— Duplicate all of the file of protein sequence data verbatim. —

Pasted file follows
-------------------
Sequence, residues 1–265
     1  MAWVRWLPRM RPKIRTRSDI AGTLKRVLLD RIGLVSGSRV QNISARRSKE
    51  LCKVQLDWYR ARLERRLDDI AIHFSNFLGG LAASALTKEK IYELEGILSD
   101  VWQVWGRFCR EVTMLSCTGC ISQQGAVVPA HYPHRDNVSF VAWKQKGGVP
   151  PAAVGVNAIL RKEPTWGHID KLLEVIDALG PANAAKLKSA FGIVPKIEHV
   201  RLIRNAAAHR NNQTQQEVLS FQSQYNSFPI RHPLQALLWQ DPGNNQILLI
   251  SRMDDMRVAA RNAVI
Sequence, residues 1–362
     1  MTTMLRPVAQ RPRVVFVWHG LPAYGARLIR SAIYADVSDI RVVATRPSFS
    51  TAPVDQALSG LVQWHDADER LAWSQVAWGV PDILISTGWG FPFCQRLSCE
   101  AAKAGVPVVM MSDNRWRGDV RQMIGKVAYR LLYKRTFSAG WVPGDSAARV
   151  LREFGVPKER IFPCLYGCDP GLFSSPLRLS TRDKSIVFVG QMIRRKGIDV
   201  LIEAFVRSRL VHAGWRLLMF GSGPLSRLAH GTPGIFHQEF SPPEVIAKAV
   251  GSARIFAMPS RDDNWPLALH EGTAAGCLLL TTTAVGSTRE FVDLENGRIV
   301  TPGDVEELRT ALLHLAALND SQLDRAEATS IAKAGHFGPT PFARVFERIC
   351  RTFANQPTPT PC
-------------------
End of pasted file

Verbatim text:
Sequence, residues 1–265
     1  MAWVRWLPRM RPKIRTRSDI AGTLKRVLLD RIGLVSGSRV QNISARRSKE
    51  LCKVQLDWYR ARLERRLDDI AIHFSNFLGG LAASALTKEK IYELEGILSD
   101  VWQVWGRFCR EVTMLSCTGC ISQQGAVVPA HYPHRDNVSF VAWKQKGGVP
   151  PAAVGVNAIL RKEPTWGHID KLLEVIDALG PANAAKLKSA FGIVPKIEHV
   201  RLIRNAAAHR NNQTQQEVLS FQSQYNSFPI RHPLQALLWQ DPGNNQILLI
   251  SRMDDMRVAA RNAVI
Sequence, residues 1–362
     1  MTTMLRPVAQ RPRVVFVWHG LPAYGARLIR SAIYADVSDI RVVATRPSFS
    51  TAPVDQALSG LVQWHDADER LAWSQVAWGV PDILISTGWG FPFCQRLSCE
   101  AAKAGVPVVM MSDNRWRGDV RQMIGKVAYR LLYKRTFSAG WVPGDSAARV
   151  LREFGVPKER IFPCLYGCDP GLFSSPLRLS TRDKSIVFVG QMIRRKGIDV
   201  LIEAFVRSRL VHAGWRLLMF GSGPLSRLAH GTPGIFHQEF SPPEVIAKAV
   251  GSARIFAMPS RDDNWPLALH EGTAAGCLLL TTTAVGSTRE FVDLENGRIV
   301  TPGDVEELRT ALLHLAALND SQLDRAEATS IAKAGHFGPT PFARVFERIC
   351  RTFANQPTPT PC